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Clean Air Zones are here – what you need to know

By Richard Hipkiss - Current News|Fleet Management|Industry News

It is estimated that around 40,000 premature deaths every year in the UK are linked to poor air quality.

The issue had been steadfastly climbing the government agenda but became critical when ministers were ordered by the Supreme Court to deliver measures aimed at tackling the levels of nitrogen dioxide (NO2) in the air.

The first of the resultant Clear Air Zones (CAZ) went live in Bath on 15 March, but it seems inevitable that many other UK cities will be following suit over the coming months. Here, we outline what fleet managers need to know, how much CAZs could cost and what actions you now need to take.

What are Clean Air Zones and why have they been introduced?

A Clean Air Zone is a defined geographic area where a local authority has brought measures into place specifically to improve air quality.

They form part of the government’s broader Air Quality Plan, which aims to improve air quality across the country by discouraging the use of older, more polluting, vehicles and cutting the number of places in the UK where air pollution breaches legal limits.

There will be two types of Clean Air Zone: non-charging and charging.

The latter can include charges for private vehicles as well as buses, taxis and HGVs. Drivers can be charged a fee to enter an area if their vehicle fails to meet the required environmental standards. All vans and cars must meet either the Euro 6 minimum standard for diesel or Euro 4 for petrol models.

When are they launching?

The first Clean Air Zone in Bath will start charging (for affected vans) from 15 March 2021.

Birmingham’s scheme – set to launch on 1 June – will see the council charging the more polluting cars £8 per day and HGVs £50 a day to drive through affected roads.

Bristol is expected to enact its CAZ from October 29 2021.

And London will be expanding its Ultra Low Emission Zone (ULEZ) to the North and South Circular roads in October 2021.

The first Zero Emission Zone is also due to be introduced this summer in Oxford, when the Council will begin charging all petrol and diesel powered vehicles that enter a small red zone in the city centre.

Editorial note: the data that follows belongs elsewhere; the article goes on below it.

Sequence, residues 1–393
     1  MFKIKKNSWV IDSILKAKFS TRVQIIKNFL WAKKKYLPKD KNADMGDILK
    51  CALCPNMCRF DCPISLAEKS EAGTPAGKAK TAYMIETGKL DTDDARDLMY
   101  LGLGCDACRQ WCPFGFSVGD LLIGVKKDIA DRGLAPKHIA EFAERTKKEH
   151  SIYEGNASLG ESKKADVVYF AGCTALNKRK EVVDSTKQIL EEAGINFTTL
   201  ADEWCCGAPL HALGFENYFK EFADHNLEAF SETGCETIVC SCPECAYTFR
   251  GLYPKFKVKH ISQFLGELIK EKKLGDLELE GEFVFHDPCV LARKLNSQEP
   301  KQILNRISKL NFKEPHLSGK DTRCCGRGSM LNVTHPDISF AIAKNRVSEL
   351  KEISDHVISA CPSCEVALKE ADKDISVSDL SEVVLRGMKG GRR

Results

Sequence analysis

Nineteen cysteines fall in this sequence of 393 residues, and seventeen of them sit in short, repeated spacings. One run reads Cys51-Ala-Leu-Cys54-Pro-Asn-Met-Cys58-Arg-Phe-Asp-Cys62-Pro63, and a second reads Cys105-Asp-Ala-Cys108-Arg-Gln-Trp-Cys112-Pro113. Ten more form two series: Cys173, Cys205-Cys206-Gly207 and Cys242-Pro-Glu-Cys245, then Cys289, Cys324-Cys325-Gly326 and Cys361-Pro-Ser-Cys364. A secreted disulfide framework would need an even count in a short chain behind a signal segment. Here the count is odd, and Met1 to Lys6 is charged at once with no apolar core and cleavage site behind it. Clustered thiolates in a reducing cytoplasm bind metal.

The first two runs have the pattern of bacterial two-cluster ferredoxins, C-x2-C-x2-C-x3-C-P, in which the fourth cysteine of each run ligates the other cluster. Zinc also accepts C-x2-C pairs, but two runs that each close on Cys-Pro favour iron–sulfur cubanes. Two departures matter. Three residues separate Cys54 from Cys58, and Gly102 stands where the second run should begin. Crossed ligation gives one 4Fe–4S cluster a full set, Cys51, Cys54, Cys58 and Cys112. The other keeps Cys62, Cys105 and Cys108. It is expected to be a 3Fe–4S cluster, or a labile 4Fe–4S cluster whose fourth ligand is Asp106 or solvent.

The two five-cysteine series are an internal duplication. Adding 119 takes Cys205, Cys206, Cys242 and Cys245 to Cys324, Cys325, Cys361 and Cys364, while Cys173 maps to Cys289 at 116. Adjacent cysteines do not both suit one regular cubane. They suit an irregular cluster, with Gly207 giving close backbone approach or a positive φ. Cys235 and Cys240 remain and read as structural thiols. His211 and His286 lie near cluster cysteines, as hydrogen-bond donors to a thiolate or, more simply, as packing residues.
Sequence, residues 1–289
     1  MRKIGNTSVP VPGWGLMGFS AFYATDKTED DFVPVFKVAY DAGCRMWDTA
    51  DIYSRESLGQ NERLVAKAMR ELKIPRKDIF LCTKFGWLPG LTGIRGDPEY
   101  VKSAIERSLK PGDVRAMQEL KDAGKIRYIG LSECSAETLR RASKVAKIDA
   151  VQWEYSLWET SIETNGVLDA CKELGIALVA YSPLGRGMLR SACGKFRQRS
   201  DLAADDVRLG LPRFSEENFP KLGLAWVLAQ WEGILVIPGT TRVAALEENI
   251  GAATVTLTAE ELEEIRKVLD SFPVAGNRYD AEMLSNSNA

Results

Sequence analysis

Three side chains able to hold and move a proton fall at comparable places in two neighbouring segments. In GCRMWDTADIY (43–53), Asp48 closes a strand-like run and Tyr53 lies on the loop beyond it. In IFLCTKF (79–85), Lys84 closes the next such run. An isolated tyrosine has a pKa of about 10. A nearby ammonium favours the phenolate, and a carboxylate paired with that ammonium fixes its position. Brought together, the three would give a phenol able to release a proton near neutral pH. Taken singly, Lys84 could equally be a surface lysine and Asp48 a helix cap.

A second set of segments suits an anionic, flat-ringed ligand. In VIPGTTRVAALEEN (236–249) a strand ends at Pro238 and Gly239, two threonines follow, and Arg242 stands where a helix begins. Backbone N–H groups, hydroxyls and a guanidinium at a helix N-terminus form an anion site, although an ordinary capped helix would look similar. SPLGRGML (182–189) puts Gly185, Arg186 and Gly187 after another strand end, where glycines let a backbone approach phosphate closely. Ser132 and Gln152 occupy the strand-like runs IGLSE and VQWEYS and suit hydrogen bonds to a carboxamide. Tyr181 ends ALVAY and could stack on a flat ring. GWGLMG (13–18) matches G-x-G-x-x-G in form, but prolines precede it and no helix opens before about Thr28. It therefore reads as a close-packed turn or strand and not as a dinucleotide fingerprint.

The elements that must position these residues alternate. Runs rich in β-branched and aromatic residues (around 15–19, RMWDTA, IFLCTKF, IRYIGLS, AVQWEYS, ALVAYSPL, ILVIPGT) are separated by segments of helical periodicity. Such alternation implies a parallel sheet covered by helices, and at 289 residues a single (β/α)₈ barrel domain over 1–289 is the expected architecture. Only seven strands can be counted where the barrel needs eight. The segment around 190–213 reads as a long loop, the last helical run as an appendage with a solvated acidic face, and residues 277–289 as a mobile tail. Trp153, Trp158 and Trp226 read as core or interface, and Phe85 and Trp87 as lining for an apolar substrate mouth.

What does the future hold?

Twenty-three authorities in the UK are currently reaching the illegal limit for their CO2 emissions meaning they have to act, so the creation of more Clean Air Zones this year and next is highly likely. 

Clean Air Zones are widely anticipated for 2021 in Bradford, Leicester, Newcastle, Portsmouth and Sheffield, while Manchester is committed to a Spring 2022 start date (although not for private vehicles).

From Warrington to Wokingham, other forms of Clean Air Zones are also under consideration.

Fleet News has created a useful interactive map of all the UK Clean Air Zones that are currently planned. This may change, of course, if authorities manage to improve their current air quality scores through other means and measures.

Nottingham, for example, has cancelled its plans to introduce a CAZ after it used modelling to prove it could reduce air pollution to below the legal limit within two years by retrofitting 180 buses, replacing bin lorries with electric vehicles and changing its emissions policy for hackney carriages.

What will they mean for anyone running a fleet?

Companies are now facing two key deadlines for greening their fleet: the ban on the sale of new petrol and diesel cars and vans from 2030 and the much closer introduction of Clean Air Zone penalties.

While local authorities will not be able to raise additional revenue beyond recovering the costs of the scheme, it is clear that an £8 daily charge for one vehicle could quickly add up to a significant bottom line impact across a fleet.

As the rules for each regional CAZ are being set at a local level, it could become very challenging for fleets to manage across multiple rulesets, fines and payment systems.

The move has again sharpened the focus on the very real economic benefits of transitioning to more electric and hybrid vehicles.

What should you be doing now to prepare?

If you operate in an area where a Clean Air Zone is about to be introduced and it will impact on your fleet, make sure that you have registered with the relevant local authority and set up an account to register your vehicles, as failing to do so could result in additional charges.

If you are a Fleet Operations/TraXall UK customer, and have not yet spoken to your Account Manager about how this could impact your fleet, please get in touch so we can help you manage your vehicles effectively.

If you are thinking about making the transition to a greener fleet, speak to our award-winning sustainability and electric vehicle experts for advice on how to make the change. 


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